The most challenging part for me was to code the missile. There is no restrictive condition for the attacker to send missiles, and the player can send as many missiles as he wants. The player could send missiles through pushing the space bar. Jiwon taugt how to use boolean to set the missiles. There were two variables, boolean shoot and boolean setStart. Initially, they are equal to “false”. When the player pushed space bar, they are equal to “true”. Under the circumstance of “true”, a missile would move forward and its position would go back to the initial position when it is out of the screen. However, in this way, the attacker cannot constantly send missiles. If the attacker send missiles before former ones reach the end of the screen, the former would turn back to the starting position. Here is a video about the problem of missiles.
Professor Antonius helped me to improve the code of missiles by adding an important part–resetting the missile. That is to say, only when a missile reaches the end of the screen, can the position of the missile be reset. As a result, the attacker cannot send another missile until the former one reaches the end of the screen. Missiles that has already been sent will keeping moving and would not be drove back by pushing the space bar. Here is a video about the imoroved version of missiles.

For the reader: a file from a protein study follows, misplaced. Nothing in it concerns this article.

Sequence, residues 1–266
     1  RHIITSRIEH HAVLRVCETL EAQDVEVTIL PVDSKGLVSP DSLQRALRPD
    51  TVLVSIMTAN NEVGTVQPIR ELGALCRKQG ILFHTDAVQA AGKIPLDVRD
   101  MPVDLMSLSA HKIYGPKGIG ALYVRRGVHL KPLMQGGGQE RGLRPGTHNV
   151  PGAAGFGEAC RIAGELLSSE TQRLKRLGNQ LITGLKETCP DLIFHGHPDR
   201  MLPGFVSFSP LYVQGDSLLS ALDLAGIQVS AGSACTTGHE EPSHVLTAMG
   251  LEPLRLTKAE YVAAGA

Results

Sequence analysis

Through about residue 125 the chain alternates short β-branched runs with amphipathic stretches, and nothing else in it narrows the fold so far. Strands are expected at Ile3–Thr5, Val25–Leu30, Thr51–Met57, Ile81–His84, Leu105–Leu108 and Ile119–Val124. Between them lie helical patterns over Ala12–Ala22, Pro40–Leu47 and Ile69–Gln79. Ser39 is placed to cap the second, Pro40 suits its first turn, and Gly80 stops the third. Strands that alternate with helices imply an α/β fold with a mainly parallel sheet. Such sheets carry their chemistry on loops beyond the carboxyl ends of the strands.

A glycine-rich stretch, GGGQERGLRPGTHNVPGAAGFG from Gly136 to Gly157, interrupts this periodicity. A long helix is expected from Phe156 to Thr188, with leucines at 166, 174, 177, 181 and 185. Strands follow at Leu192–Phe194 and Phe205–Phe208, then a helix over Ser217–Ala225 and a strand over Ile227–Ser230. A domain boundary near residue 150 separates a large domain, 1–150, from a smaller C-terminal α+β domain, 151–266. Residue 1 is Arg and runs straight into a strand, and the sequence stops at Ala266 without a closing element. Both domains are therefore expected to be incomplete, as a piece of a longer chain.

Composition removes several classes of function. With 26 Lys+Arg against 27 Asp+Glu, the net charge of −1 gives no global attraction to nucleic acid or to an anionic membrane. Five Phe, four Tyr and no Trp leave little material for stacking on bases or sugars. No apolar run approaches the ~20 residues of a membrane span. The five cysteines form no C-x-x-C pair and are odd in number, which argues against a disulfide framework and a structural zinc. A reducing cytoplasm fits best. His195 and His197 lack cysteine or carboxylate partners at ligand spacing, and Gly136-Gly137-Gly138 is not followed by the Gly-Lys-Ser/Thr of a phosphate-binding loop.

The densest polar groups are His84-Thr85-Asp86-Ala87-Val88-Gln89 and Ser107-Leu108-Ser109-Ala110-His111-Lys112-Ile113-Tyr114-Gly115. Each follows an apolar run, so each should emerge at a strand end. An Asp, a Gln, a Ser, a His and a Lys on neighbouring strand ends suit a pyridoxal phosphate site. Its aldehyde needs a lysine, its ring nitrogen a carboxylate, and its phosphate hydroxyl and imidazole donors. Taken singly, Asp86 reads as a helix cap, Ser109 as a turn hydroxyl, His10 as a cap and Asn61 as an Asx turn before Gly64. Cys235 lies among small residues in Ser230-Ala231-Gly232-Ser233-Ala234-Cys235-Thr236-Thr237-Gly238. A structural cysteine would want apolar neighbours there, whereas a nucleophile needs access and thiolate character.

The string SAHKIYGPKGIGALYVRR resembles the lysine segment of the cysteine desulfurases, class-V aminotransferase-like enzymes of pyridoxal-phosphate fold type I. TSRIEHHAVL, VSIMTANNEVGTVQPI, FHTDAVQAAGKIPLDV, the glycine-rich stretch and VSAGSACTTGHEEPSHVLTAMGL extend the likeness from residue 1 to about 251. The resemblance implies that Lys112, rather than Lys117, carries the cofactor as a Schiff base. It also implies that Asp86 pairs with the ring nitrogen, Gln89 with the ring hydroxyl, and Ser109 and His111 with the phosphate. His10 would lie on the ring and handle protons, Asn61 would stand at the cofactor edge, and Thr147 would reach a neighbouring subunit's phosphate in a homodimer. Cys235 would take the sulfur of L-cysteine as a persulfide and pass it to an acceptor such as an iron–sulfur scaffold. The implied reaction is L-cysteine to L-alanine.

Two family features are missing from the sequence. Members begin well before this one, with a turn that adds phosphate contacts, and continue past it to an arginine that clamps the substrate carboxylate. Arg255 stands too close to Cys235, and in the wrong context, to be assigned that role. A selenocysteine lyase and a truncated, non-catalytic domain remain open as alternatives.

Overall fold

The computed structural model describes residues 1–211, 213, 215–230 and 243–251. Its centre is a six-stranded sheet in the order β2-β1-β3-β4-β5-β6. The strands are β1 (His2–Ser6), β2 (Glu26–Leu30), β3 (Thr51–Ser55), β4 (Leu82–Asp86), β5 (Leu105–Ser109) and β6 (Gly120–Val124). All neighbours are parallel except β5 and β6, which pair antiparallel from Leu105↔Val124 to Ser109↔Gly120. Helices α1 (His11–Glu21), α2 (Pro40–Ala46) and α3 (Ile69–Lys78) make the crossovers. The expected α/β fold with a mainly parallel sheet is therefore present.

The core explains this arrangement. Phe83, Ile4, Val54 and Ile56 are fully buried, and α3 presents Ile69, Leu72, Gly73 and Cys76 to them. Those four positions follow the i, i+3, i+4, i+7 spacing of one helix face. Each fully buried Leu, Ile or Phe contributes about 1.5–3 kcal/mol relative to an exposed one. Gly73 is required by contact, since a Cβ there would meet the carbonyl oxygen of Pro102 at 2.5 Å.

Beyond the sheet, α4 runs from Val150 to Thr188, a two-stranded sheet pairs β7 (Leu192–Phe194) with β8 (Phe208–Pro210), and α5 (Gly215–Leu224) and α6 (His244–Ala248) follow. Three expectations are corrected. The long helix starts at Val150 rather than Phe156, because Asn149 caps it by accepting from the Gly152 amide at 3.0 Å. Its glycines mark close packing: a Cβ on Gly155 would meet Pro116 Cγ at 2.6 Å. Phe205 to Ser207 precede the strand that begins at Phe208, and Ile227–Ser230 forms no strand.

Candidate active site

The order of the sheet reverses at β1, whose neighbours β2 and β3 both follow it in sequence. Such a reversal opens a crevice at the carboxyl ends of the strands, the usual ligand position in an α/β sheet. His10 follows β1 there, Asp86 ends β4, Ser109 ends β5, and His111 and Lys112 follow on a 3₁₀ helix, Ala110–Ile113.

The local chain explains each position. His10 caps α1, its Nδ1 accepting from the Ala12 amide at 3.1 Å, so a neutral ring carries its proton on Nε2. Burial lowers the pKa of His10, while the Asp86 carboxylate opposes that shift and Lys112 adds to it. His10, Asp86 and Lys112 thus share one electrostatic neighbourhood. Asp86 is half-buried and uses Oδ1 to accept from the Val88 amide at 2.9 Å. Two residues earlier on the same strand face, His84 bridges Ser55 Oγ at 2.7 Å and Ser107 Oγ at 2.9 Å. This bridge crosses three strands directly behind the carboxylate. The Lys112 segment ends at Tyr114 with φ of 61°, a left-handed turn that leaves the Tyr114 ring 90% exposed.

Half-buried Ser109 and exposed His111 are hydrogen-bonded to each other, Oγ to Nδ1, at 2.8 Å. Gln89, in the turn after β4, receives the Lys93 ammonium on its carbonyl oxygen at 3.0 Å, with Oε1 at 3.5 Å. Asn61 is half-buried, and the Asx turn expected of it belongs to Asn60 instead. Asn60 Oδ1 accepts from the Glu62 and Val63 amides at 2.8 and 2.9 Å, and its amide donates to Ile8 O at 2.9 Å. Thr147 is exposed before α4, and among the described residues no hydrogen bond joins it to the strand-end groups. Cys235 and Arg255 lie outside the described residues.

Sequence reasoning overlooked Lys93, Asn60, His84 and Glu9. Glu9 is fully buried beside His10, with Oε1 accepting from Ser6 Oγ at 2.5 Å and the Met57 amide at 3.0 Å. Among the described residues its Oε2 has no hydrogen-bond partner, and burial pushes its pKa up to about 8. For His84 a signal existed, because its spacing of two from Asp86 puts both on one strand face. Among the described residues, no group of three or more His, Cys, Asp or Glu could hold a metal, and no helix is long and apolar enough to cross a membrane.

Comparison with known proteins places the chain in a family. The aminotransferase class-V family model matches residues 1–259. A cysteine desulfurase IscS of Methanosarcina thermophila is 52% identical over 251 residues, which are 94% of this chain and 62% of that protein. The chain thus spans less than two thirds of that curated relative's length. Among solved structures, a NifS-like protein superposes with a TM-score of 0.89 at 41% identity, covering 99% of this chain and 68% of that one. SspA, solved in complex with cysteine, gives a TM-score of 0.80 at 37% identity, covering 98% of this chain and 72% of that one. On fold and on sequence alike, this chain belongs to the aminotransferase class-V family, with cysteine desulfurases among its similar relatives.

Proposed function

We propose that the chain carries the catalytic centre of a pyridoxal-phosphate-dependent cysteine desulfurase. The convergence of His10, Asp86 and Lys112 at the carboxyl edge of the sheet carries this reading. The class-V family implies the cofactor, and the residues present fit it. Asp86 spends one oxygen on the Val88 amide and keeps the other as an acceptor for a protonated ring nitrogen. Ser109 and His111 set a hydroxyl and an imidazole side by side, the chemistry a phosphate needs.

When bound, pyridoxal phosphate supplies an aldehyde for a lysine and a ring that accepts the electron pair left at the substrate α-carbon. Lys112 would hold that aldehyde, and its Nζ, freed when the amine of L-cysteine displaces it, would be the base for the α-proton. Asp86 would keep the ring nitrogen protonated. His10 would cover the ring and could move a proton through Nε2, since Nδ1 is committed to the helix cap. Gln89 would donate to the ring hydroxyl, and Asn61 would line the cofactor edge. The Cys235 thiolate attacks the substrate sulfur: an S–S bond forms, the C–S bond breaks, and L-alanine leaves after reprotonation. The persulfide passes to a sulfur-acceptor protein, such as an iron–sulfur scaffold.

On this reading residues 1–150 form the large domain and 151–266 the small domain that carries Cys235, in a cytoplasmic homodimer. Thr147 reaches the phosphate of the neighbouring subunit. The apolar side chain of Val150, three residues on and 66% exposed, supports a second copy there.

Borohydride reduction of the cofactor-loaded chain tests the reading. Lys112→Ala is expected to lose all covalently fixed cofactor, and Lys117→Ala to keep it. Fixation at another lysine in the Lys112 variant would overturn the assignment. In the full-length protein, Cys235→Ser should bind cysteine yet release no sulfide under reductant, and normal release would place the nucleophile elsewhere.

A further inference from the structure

It is after I took the class of Arraylist that I truly figured out how to code the missiles. Marcela’s examples helped me a lot to learn Arraylist. There were 14 examples from Array to Arraylist, from drawing random line to drawing random circles, from random fixed circles to circles with random speed. It took me a whole afternoon to understand the examples. By changing some values of codes, I managed to figure out what exactly every function works. Moreover, Marcela recommended a Youtube Tutorial which educative as well as funny. Although some coding in the video is outdated, the general logic remains unchanged.